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The Role of Organized Labor in Advancing Community Solar: A Call for Solidarity and Equity - Don't forget your roots!

Updated: Mar 1



In the evolving landscape of the energy sector, community solar has emerged as a beacon of hope for sustainable and equitable energy solutions in Wisconsin. Community solar is currently illegal in Wisconsin. Community Solar offers not only an environmentally friendly alternative to fossil fuels, but also a means to democratize energy access, particularly for low-to-middle-income families and middle-class communities. However, the path to widespread adoption of community solar is fraught with challenges, with organized labor playing a pivotal yet complex role in what happens next.


Organized Labor: A Double-Edged Sword

Organized labor is undeniably central to the strength and durability of the energy sector. It ensures fair wages and safe working conditions, fosters a skilled workforce, and contributes to the economic stability of countless families and communities. Yet, when labor unions oppose initiatives like community solar, they risk becoming pawns in a larger game of industry politics.


This is not to suggest that labor unions are inherently opposed to renewable energy. In fact, we know they recognize the potential of renewables to create jobs and stimulate economic growth. However, their primary allegiance should be to their members within the energy sector, which can lead to a narrow focus on their immediate job preservation at the expense of long-term sustainability and energy equity for all.


The Unseen Impacts of Energy Decisions Influenced by organized labor.

The decisions made within the energy sector have far-reaching implications that extend beyond the industry itself. The utility organized labor groups opposition to community solar exacerbates energy poverty by keeping utility prices high and limiting access to affordable, renewable energy options.


This is where the issue of classism comes into play. When labor unions in the energy sector oppose community solar, they are acting against the best interests of other sectors where organized labor exists. The workers in these sectors, many of whom are part of low-to-middle-income families, bear the brunt of the decisions made by the energy sector unions. They are the ones who suffer from surging utility prices and limited access to clean energy.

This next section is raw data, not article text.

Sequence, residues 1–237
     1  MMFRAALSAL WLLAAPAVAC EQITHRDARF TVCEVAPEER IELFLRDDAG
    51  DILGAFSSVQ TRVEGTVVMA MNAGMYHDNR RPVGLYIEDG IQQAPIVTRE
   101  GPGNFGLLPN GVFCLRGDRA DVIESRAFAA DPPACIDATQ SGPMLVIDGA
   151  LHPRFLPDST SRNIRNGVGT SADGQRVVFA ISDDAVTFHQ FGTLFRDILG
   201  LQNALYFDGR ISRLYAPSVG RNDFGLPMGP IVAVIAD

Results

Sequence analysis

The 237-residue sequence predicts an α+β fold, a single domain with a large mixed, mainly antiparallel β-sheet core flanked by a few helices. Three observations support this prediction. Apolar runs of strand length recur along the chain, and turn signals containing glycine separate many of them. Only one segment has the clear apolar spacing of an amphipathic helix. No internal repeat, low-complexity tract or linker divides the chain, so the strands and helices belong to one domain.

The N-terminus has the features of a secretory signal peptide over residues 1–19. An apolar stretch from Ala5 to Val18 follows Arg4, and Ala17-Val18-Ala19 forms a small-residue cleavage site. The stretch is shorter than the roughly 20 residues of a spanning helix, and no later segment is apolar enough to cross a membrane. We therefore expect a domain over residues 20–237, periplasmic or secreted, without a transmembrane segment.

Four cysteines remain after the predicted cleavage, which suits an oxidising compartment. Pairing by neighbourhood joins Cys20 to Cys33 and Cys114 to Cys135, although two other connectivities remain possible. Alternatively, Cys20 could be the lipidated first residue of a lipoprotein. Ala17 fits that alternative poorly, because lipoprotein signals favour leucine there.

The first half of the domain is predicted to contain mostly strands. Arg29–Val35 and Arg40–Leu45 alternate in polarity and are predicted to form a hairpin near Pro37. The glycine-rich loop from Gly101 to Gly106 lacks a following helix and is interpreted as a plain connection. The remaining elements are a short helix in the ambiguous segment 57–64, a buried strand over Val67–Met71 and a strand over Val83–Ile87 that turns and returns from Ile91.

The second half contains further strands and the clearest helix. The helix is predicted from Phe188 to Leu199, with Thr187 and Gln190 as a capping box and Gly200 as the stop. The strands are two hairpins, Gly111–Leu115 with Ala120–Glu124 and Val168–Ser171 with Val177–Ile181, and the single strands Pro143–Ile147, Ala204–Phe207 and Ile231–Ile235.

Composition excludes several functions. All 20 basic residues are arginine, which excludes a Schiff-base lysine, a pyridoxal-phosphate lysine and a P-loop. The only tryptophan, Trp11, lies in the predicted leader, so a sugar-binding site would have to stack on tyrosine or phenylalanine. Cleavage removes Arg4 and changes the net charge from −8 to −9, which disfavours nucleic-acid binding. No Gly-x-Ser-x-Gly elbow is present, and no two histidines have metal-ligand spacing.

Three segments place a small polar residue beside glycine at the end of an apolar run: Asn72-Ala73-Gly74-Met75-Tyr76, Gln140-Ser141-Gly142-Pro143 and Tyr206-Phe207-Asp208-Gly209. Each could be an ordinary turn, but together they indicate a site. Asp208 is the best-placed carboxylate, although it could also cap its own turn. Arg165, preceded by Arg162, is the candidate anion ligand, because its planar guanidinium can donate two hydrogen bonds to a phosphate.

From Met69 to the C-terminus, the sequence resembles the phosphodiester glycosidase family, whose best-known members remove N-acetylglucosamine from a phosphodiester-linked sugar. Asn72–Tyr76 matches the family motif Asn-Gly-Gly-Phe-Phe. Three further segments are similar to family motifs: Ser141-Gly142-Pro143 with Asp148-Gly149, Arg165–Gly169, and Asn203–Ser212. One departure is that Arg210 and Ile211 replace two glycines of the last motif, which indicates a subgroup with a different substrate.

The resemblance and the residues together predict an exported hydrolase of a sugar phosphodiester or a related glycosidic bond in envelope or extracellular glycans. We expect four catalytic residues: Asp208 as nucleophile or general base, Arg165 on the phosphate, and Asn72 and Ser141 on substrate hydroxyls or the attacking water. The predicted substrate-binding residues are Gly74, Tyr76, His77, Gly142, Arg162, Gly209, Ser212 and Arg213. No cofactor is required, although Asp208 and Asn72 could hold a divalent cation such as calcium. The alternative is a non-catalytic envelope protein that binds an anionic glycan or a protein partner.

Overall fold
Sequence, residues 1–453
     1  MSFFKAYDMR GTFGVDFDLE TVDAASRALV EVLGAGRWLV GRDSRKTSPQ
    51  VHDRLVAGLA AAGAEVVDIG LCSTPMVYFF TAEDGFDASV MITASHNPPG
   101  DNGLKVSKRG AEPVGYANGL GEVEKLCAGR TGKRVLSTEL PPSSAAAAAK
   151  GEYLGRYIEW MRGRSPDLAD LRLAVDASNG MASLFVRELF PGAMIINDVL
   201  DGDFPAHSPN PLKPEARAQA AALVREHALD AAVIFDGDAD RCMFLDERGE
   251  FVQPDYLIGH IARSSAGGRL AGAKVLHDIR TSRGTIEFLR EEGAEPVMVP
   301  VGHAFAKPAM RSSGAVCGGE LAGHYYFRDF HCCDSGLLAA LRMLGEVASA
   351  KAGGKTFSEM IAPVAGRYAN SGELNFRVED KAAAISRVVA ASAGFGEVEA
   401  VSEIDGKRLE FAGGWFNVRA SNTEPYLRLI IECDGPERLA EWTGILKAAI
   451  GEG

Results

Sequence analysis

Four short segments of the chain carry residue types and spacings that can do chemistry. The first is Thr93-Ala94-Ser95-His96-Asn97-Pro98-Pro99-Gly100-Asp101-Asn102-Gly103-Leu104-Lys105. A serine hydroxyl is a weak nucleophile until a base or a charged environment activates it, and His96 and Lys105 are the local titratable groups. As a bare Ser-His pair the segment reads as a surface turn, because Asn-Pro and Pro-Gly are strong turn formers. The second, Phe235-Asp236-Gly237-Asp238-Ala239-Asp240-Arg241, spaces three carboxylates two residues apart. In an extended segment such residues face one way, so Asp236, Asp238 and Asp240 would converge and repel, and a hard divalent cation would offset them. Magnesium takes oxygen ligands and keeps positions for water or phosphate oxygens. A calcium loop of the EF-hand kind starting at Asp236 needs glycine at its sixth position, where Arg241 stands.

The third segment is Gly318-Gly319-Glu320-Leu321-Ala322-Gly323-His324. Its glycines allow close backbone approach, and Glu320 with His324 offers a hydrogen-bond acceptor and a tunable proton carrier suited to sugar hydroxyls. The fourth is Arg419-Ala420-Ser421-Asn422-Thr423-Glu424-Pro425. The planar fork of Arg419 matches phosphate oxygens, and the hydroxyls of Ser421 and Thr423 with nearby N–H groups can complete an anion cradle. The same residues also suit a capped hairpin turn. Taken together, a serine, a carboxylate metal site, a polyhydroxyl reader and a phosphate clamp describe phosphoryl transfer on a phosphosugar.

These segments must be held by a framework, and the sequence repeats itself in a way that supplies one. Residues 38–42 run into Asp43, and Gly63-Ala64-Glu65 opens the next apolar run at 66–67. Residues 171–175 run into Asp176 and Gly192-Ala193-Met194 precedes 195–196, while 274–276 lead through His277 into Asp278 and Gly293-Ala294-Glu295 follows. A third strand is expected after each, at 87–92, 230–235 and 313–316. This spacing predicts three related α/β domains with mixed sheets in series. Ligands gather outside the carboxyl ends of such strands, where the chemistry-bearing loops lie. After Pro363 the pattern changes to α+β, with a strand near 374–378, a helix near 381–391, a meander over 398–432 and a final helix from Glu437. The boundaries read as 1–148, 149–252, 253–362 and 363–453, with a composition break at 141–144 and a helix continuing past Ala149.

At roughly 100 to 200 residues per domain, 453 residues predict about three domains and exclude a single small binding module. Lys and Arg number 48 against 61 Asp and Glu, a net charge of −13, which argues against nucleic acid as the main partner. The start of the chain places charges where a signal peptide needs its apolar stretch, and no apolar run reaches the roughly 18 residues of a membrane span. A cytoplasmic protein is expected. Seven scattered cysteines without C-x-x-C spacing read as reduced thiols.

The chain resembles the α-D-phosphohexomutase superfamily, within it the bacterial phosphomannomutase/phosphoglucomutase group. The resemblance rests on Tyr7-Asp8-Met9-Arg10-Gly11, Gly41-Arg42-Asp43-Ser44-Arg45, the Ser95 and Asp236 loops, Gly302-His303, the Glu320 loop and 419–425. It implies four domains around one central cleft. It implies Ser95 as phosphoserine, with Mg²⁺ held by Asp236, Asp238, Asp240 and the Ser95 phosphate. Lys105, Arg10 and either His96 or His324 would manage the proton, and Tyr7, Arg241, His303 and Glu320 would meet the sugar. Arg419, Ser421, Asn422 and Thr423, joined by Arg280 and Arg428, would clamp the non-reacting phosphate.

Consider the workers at Walmart, McDonald's, and those in the gig economy. They are examples of sectors where unorganized / under- protected, disenfranchised labor is present and where the decisions made by utility labor unions can have significant impacts. These workers, often living paycheck to paycheck, are the ones hit hardest by high energy costs, making the resistance to community solar not just an industry issue, but a matter of social equity.




A Call for Organized Labor Cross-Sector Solidarity

In light of these challenges, it is crucial for labor unions in the energy sector to broaden their perspective and consider the wider societal implications of their actions. Recognizing the importance of community solar is a critical first step.


Labor unions have a proud history of fighting for social justice and equality. Now, they have an opportunity to extend this legacy to the fight for energy equity. By supporting community solar, they can help ensure that the benefits of renewable energy are shared by all, not just a privileged few.




Furthermore, labor unions must resist being used as pawns in industry politics. Instead, they should leverage their collective power to advocate for policies that promote both job preservation and sustainable energy solutions.


The Pullman Porters provide a historical example of how labor can influence broader societal change. Their fight for fair wages and working conditions in the early 20th century not only improved their own lives but also contributed to the broader Civil Rights Movement, demonstrating the transformative power of organized labor when it aligns its interests with the greater good.


The transition to a more sustainable and equitable energy future is a complex and multifaceted challenge. However, one thing is clear: organized labor has a vital role to play. By recognizing the importance of community solar and resisting the forces of classism, labor unions can help pave the way for an energy future that is not only sustainable, but also just and inclusive. It's a future where everyone – regardless of income or industry sector – has access to affordable, clean energy. As history has shown us, when labor stands together, we all stand to benefit.





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